Over the years, iPhone’s camera has gotten so much better that it now in many ways exceeds human vision. This is most noticeable when it comes to the level of detail the camera can see.
Instead of putting on your reading glasses or squinting your eyes as you try to decipher nutritional information when shopping for groceries, you can just snap a quick picture with your iPhone and zoom in to see everything large and clear.
In this article, we go over some of the most popular magnifier apps currently available as well as one the magnifier feature that has been introduced with the release of iOS 10.
Magnifier in iOS 10
Designed for vision impaired users, with the release of iOS 10, Apple has added a mostly unknown feature called Magnifier. When activated, this feature changes the user interface of the default camera app, adding several new elements for easier reading.
The main one is a handy zoom slider, but there’s also the option to change the brightness of the picture and its contrast. Even poorly printed labels can be made readable with a few simple adjustments.
To activate the hidden Magnifier feature in iOS 10 and up, follow the steps below:
- First open the Settings app.
- Go to General -> Accessibility.
- You should see a toggle labeled Magnifier—tap on it to enable it.
If you were to open the camera app now, you would still see the standard user interface. You access the Magnifier by triple-clicking on the home button from anywhere, including the lock screen.
If you’re running an iPhone X or higher — i.e. a device without the Home button — triple-click the power button to activate the Magnifier feature.
Optionally, you can also activate the Auto-Brightness feature of the Magnifier, which will attempt to adjust the brightness and contrast of the image for you based on ambient light settings.
Of course, if Magnifier isn’t enough for you in iOS 10, there are a variety of third-party applications that you can download from the App Store for magnification.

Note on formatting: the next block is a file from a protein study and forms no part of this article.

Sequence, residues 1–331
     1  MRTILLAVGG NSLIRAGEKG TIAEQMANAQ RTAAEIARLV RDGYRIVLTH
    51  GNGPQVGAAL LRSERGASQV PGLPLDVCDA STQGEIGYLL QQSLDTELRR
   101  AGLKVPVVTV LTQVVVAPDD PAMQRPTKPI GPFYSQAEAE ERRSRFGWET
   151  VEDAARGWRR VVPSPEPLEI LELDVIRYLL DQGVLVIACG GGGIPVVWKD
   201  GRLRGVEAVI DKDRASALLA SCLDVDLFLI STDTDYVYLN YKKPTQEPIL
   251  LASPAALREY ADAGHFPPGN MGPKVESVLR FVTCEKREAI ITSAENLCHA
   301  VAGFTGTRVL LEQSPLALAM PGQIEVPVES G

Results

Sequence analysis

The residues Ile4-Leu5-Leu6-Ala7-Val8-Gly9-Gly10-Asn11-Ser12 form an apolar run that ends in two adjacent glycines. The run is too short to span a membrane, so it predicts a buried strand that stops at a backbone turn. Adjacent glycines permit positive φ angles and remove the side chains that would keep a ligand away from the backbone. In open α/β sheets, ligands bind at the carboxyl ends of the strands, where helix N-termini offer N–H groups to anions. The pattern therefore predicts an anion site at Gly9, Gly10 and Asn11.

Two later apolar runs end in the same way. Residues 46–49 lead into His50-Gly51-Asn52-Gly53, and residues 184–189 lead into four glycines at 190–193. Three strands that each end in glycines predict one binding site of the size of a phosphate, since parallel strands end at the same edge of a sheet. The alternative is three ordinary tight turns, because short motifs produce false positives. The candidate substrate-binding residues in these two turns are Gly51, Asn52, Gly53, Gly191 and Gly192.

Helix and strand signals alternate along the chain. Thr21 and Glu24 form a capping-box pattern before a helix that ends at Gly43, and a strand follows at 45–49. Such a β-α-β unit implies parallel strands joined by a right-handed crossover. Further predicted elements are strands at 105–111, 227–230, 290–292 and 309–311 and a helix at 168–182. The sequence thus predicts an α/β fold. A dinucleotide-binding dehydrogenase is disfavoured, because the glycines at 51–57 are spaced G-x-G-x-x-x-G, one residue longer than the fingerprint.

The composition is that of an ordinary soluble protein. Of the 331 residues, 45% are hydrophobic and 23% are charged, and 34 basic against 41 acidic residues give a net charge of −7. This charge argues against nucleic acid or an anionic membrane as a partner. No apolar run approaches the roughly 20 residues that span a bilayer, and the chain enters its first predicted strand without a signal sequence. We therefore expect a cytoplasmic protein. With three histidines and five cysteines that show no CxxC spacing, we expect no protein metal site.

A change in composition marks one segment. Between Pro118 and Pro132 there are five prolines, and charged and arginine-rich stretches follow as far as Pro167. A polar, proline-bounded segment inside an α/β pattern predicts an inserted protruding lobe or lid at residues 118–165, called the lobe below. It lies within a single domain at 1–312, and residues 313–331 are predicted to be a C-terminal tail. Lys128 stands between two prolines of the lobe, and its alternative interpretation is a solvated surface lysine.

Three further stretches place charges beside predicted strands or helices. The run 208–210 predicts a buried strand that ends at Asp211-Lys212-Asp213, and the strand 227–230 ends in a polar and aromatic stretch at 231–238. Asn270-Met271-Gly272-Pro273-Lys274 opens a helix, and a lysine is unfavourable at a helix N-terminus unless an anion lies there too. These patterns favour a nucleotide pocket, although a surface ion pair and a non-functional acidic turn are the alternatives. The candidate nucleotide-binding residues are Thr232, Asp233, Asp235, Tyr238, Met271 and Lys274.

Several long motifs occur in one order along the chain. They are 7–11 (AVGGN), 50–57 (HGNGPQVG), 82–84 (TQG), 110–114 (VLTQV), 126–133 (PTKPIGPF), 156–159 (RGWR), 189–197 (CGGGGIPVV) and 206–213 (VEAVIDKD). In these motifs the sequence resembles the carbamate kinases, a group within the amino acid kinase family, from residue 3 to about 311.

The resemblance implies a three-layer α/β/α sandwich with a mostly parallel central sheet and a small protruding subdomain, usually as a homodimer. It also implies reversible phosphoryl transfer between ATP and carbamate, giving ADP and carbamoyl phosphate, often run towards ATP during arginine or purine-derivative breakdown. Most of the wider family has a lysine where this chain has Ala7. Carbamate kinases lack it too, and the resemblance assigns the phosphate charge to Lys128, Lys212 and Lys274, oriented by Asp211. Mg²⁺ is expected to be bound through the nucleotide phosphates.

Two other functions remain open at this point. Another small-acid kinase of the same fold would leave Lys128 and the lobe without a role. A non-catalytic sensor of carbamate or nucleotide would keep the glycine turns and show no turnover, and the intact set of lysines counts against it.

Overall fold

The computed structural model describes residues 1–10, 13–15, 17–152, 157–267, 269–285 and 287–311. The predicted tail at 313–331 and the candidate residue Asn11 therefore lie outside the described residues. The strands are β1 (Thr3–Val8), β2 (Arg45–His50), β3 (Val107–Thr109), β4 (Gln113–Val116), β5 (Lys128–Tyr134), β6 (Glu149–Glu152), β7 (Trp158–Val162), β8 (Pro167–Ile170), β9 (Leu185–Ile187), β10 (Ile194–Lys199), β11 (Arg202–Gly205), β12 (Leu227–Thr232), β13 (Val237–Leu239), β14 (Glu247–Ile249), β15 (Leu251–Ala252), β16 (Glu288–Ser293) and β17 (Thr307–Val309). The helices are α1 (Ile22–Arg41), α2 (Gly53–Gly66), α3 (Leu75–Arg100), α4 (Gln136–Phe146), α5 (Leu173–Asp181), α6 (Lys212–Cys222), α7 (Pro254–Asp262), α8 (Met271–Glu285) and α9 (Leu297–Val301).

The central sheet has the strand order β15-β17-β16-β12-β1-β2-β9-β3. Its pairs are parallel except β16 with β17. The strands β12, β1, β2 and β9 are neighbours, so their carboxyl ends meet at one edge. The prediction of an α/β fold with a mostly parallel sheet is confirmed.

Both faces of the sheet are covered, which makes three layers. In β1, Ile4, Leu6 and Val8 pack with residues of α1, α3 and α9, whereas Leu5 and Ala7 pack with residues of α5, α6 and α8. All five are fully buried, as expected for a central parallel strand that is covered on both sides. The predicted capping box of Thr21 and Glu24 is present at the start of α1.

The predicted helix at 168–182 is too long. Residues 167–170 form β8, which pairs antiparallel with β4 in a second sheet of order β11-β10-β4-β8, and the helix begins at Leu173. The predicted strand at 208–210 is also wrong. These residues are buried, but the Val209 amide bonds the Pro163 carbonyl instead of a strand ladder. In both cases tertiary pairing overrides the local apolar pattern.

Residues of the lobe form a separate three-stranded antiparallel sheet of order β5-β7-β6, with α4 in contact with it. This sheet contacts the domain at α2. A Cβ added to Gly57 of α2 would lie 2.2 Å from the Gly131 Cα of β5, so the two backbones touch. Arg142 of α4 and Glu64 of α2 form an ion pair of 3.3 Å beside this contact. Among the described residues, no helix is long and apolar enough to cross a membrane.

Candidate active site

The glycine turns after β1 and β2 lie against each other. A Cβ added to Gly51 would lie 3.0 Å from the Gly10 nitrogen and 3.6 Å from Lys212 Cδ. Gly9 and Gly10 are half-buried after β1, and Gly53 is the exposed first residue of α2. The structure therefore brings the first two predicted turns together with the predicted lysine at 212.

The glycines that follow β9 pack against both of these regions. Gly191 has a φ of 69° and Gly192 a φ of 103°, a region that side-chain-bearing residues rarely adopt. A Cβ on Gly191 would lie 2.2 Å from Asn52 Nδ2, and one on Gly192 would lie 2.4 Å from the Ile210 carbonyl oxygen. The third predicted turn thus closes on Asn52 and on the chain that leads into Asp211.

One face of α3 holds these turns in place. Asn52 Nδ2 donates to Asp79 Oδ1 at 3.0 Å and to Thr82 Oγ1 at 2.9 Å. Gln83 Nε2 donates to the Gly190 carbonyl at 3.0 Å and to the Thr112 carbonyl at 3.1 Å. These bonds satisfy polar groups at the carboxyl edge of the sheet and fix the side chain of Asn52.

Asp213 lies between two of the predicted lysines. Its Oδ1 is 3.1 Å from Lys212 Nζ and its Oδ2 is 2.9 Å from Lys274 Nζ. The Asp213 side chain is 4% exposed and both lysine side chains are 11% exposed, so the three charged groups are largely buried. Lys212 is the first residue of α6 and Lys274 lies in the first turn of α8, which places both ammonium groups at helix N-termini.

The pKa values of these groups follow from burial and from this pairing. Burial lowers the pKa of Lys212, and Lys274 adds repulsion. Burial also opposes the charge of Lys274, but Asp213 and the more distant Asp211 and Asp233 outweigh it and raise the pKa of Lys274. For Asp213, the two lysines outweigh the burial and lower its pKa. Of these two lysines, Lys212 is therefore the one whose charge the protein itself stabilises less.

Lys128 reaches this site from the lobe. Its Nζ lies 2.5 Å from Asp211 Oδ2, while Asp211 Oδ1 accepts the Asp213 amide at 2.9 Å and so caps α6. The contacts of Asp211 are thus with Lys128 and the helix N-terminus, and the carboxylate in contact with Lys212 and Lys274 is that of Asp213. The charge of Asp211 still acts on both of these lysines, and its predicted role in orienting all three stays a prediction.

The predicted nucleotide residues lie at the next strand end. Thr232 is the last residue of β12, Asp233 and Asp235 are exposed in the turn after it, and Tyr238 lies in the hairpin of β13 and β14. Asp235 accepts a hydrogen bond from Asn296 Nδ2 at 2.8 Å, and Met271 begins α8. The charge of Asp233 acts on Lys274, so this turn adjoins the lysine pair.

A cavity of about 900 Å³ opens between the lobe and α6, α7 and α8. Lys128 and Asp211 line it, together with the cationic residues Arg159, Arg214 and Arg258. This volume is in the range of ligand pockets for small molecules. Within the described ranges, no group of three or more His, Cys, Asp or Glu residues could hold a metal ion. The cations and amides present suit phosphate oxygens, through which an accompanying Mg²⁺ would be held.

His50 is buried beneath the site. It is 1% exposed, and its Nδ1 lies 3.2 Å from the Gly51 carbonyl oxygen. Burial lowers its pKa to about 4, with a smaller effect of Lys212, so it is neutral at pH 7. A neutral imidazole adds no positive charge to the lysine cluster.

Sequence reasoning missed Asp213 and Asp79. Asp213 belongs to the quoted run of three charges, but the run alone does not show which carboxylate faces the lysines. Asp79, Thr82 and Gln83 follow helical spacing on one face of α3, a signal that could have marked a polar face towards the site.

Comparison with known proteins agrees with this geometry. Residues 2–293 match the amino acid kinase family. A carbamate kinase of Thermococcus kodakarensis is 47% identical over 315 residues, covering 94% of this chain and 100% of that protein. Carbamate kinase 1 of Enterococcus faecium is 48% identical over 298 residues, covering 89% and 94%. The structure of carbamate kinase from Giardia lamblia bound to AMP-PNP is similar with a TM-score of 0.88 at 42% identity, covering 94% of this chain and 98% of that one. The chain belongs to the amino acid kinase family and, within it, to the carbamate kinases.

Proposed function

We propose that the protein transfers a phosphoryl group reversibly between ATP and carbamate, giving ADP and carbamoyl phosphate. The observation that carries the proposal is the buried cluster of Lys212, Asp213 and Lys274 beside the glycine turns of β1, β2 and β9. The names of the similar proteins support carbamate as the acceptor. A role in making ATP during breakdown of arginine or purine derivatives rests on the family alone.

The Magnifying Glass With Light app by Falcon In Motion is compatible with iPhone and iPad and, unlike Apple’s Magnifier feature, requires only iOS 7.0 or higher. The free version can do just about anything you might want from a digital magnifier, including light level control, auto-focus lock, and support for pinch to zoom in and out.
Only the ads can be quite annoying, which is the developer’s way of reminding you that there’s also a paid version with image stabilizer, high-contrast mode, and a special mode called Crystal Clear for automatic picture enhancement.
For just $0.99, the Magnifier Flash app by Tekton Technologies provides you with up to 6x zoom. With its clean and simple user interface, you can easily turn on and off flash to read text even in dim light or in the dark.
You can save zoomed pictures with a press of a button and look at them later or share them with other via email or social media. The app requires iOS 8.0 or later and works with iPhone, iPad, and iPod touch.
Developed by a single person, Dave Cheng, the BigMagnify app has a few surprises in store for you.
It allows you to magnify any image at 1x, 2x, 4x and 8x zoom levels, you pinch gestures to zoom in and out, activate image stabilization, manually change focus, enable your iPhone’s flash for viewing in low-light situations, and there are even advanced image filters that can improve visibility and readability by inverting colors and sharpening the picture.
What we like the most is the ability to use the front-facing camera as a magnified mirror. Even though it doesn’t have the same high resolution as the rear-facing camera, it’s good enough to help you judge whether your face is ready for public display.
Lumin is not your regular magnifier app. This super-magnifier can enlarge images up to 10 times and use the camera flash on your device to illuminate the scene or object. You can quickly capture images for later use or to share them with other via Twitter, Facebook, Instagram, and others. All familiar gestures are fully supported, and the app costs just $0.99—a real bargain for 10x zoom and compatibility with iOS 7.0 and up.
As you can see, there are a lot of excellent applications for setting up magnification features in iOS. The best method to setup this type of accessibility is with the built-in feature in iOS 10. It’s easy because you don’t have to open up an app to magnify an image or web page — it all happens at the device-level.